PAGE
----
I hate that this is something that I have to even think about, but I am a big believer in communicating and talking and we really would be in a better place if people just talked more rather than resorting to acts of terrorism, so how should we talk to children about terrorism?
Even if we shield our children from the news of events at home, they are still exposed to them in the playground and I think that we are doing them a disservice by not discussing them at home. However, you know your children best so it is key that you tailor the information to them as you see fit. The Charity Winston’s Wish has some great advice.
I find terrorism so hard to discuss with children because as an adult I do not understand or comprehend it.
I want my children to know that it is OK for them to talk to me about anything including terrorism. For them to be able to discuss their fears, feelings and ask questions. I need them to know that no subject is out of bounds.
How should we talk to children about terrorism?
There is no right way for you to talk to YOUR children. You need to judge how best to do that. But I do believe that we should talk to our children about it and we should do it first before they hear about it from peers or social media.
Keep it age appropriate
As a rule of thumb with children under seven, it is best to only talk about if they bring it up. It is much easier to shield younger children from external influences. Very young children really don’t need an in-depth explanation as they won’t be able to fully understand and it will only frighten them further try “All this news is because something very bad and very sad happened in Manchester”.
Older children are likely to want more information. Rather than shielding them from the news, I make sure I find an appropriate source of information for them. We use BBC Newsround as an age-appropriate, less sensationalised source of information. I think it is important to allow older children to watch the news but not let them become consumed by it, plus I am aware of how disturbing it can be so I always monitor and supervise it.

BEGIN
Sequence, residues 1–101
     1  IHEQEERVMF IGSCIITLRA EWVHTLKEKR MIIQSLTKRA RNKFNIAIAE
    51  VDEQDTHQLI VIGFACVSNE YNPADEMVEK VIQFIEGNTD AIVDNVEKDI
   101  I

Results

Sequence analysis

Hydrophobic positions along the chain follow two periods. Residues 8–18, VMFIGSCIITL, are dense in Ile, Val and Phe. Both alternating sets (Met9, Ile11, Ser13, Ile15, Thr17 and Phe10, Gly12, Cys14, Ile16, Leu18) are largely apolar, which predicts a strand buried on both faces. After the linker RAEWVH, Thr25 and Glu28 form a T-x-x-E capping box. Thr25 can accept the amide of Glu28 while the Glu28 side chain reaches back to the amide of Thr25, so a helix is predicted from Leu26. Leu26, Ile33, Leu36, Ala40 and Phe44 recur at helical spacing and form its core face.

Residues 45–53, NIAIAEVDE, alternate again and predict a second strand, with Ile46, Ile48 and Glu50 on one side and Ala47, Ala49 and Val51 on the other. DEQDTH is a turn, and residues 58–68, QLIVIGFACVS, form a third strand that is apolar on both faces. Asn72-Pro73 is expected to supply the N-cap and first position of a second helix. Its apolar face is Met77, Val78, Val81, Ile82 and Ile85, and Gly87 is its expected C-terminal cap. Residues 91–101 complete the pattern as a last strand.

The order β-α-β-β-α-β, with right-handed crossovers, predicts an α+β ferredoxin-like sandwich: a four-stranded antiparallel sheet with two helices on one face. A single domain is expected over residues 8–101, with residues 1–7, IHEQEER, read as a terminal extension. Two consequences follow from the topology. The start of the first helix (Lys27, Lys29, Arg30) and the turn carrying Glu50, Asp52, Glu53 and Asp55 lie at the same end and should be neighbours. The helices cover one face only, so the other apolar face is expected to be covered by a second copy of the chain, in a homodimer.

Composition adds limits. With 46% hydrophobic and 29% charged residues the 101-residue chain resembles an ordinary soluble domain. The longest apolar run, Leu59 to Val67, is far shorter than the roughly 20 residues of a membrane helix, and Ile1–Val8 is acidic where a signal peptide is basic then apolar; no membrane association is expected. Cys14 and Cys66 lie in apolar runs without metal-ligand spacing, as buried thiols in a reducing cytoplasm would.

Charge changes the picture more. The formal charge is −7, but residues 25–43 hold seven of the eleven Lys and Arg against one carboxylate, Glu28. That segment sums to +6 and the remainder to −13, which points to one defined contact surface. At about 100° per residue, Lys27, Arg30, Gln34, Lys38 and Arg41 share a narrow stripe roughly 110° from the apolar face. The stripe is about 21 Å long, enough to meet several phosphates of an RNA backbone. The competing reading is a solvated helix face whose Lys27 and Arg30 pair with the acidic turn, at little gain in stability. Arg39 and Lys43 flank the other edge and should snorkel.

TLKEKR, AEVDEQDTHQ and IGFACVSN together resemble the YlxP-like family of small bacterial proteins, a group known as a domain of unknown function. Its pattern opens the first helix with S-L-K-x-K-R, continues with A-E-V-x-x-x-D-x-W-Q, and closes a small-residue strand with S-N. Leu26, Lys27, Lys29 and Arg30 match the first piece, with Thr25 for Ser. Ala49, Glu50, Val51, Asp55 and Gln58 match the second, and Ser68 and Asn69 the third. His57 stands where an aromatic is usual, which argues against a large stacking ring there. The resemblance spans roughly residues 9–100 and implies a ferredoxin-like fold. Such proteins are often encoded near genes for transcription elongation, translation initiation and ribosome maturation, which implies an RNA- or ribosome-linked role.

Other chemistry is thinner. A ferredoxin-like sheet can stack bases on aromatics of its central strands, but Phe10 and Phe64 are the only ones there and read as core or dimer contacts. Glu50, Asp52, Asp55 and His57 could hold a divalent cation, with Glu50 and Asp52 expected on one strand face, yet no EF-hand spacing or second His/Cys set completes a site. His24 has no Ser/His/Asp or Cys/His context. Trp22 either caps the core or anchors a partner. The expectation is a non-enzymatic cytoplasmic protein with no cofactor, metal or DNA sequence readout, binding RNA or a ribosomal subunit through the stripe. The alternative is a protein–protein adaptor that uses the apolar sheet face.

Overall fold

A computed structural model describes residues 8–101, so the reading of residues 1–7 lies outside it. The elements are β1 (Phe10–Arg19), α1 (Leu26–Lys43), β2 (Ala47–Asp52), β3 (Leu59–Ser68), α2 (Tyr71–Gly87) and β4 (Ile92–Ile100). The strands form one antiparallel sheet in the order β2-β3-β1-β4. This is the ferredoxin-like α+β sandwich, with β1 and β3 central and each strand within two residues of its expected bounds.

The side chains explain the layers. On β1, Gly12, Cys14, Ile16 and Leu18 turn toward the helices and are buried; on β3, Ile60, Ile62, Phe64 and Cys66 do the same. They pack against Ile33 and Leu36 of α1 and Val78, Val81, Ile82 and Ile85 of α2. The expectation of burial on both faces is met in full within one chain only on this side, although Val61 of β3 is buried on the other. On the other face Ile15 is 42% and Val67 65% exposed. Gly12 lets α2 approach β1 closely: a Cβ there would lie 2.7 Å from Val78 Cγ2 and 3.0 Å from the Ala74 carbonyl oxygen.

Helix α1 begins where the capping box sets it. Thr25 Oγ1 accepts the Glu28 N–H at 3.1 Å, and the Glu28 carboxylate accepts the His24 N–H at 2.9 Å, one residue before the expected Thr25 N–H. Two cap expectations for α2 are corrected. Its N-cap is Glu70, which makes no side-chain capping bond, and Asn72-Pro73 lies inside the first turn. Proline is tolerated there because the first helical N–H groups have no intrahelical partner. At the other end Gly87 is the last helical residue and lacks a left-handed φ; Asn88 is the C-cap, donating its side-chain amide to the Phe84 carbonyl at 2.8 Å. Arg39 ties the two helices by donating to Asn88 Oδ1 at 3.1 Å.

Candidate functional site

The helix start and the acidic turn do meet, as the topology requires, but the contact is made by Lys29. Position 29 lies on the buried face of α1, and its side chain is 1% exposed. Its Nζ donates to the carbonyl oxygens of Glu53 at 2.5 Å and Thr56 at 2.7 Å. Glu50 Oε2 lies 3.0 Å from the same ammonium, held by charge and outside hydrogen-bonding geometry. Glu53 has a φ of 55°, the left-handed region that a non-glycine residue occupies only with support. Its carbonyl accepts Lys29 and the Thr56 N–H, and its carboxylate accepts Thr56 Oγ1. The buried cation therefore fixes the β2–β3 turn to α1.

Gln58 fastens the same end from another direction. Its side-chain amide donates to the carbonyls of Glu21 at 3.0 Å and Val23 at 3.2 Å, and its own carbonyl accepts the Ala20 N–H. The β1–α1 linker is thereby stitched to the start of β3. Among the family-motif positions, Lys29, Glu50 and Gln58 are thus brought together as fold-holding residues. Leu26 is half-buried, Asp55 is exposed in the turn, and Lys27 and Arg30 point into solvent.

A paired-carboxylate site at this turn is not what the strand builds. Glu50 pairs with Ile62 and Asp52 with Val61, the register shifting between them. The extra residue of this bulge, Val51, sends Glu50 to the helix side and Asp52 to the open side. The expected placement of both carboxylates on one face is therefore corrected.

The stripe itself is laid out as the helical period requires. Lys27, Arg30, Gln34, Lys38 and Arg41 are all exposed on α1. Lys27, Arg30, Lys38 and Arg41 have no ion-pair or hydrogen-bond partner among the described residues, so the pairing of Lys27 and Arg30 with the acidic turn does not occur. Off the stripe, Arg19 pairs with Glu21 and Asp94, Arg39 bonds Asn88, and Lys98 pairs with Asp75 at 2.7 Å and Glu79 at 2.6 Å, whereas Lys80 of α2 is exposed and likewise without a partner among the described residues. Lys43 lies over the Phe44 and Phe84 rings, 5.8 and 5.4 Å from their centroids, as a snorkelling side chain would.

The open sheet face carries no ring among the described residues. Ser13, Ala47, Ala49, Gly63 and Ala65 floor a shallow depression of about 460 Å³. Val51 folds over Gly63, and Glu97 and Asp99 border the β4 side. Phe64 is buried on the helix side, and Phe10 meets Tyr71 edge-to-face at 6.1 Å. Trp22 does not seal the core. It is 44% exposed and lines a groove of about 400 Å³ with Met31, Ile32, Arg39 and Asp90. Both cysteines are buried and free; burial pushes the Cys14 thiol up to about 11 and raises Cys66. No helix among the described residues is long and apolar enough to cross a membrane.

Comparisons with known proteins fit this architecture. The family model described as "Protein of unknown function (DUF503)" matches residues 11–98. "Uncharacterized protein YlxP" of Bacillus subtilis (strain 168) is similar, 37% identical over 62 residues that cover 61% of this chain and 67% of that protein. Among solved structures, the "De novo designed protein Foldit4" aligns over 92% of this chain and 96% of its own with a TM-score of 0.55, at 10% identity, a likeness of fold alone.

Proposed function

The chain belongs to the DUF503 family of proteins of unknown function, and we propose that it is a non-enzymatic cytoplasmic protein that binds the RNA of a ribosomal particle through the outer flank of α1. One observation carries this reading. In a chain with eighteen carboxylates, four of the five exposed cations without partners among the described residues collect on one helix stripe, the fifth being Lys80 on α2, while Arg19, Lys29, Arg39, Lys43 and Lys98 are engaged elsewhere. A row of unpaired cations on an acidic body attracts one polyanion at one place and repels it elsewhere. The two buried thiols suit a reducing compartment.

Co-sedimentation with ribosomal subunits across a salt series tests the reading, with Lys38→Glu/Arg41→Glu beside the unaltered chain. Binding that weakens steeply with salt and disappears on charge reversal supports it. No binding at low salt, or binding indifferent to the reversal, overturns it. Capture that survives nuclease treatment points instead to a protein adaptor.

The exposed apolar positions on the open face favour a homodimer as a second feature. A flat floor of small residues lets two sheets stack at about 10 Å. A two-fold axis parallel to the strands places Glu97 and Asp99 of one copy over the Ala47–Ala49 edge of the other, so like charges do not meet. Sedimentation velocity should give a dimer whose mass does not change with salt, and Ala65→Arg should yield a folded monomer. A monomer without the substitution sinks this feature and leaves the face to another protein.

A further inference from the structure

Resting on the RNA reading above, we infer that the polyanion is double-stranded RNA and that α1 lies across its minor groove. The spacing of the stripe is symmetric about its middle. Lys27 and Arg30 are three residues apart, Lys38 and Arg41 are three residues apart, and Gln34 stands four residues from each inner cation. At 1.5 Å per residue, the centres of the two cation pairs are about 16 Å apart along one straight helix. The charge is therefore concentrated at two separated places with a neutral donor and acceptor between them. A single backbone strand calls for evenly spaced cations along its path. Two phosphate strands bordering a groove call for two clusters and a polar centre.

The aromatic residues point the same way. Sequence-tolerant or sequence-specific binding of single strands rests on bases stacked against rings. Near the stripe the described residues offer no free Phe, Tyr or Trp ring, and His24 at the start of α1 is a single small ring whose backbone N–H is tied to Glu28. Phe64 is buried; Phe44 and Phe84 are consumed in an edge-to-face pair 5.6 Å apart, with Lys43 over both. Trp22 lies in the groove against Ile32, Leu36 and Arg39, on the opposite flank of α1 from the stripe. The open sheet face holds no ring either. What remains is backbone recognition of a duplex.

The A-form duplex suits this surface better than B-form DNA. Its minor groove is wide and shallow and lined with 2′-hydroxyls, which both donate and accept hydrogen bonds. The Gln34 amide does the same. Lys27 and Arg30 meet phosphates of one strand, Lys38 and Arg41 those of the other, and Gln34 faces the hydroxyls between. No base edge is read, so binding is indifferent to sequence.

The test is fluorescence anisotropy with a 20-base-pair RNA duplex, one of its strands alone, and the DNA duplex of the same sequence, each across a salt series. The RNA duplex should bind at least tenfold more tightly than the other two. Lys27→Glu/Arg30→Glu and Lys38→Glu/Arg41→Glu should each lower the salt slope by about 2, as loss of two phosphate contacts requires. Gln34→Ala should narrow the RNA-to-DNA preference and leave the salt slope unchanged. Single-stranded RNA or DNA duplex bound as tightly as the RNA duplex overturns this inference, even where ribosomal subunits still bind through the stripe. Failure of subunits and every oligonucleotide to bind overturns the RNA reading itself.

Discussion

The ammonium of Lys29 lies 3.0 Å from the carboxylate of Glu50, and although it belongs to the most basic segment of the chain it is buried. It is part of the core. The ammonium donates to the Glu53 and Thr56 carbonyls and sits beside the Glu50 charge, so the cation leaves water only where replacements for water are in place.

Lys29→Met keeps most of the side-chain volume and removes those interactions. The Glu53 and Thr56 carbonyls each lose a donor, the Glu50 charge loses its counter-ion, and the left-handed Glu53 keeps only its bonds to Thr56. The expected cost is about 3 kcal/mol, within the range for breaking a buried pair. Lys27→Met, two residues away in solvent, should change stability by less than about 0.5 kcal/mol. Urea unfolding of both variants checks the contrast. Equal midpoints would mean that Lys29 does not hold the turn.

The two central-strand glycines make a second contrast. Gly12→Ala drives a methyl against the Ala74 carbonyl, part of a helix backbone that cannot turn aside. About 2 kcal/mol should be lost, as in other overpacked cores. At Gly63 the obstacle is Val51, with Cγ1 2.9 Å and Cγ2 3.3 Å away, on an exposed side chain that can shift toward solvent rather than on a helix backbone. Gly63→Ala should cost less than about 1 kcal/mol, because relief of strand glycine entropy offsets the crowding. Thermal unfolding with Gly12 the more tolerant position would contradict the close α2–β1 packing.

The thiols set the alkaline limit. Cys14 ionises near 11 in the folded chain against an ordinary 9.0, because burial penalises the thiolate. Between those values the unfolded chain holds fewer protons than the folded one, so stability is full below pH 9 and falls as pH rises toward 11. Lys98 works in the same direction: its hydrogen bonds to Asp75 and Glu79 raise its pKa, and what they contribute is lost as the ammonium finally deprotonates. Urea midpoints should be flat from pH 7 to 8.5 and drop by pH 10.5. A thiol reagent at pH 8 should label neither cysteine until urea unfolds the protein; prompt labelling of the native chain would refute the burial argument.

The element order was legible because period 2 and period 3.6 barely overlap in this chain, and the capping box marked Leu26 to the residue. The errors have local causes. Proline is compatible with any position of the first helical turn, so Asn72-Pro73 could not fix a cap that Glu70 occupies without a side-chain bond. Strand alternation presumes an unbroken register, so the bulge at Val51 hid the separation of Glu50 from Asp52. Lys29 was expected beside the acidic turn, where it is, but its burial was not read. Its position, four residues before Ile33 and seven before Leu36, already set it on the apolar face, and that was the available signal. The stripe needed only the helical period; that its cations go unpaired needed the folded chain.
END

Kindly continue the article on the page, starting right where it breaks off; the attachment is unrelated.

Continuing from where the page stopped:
Ask and answer questions
Rather than giving out lots of information let your child ask questions. Don’t assume you know how they feel. Instead, get at their understanding of what happened. They might be afraid or just curious. Listen to what they are saying and don’t interrupt. Don’t minimise or dismiss their concerns. I tend to start with “I am pleased that you want to talk about this. Can you tell me what you have heard?”
“I am pleased that you want to talk about this. Can you tell me what you have heard?”
Keep your answers honest and simple and do not be afraid to let them know that you do not have all the answers.
you want to reassure your kids with your words and behaviour. So it is important to put it in perspective. I tell my boys that the reason it is on the news is that it doesn’t happen often.
“You know, the reason it’s on the news so much is because it’s such an unusual occurrence”
Then I try and focus on all the good people.
I need to be sure that my children have accurate information and they are empowered to know the truth when they are talking to their friend and I do this by making sure that they have appropriate information source and that they steer clear of social media. We use BBC Newsround as an age-appropriate, less sensationalised source of information.
End on a positive
I do not want my children to be scared so I try and always frame things in a positive way. So I talk to them about acts of bravery, heroism and encourage them to always be kind to others. I want to empower them to be able to think about the future and be hopeful. Having lived in the 70’s and been brought up with the IRA bombings I know just how important this is. I never felt scared about visiting London after the bombings, my parents always made me feel secure and this is what I want for my children.
Do not forget to give your kids a big hug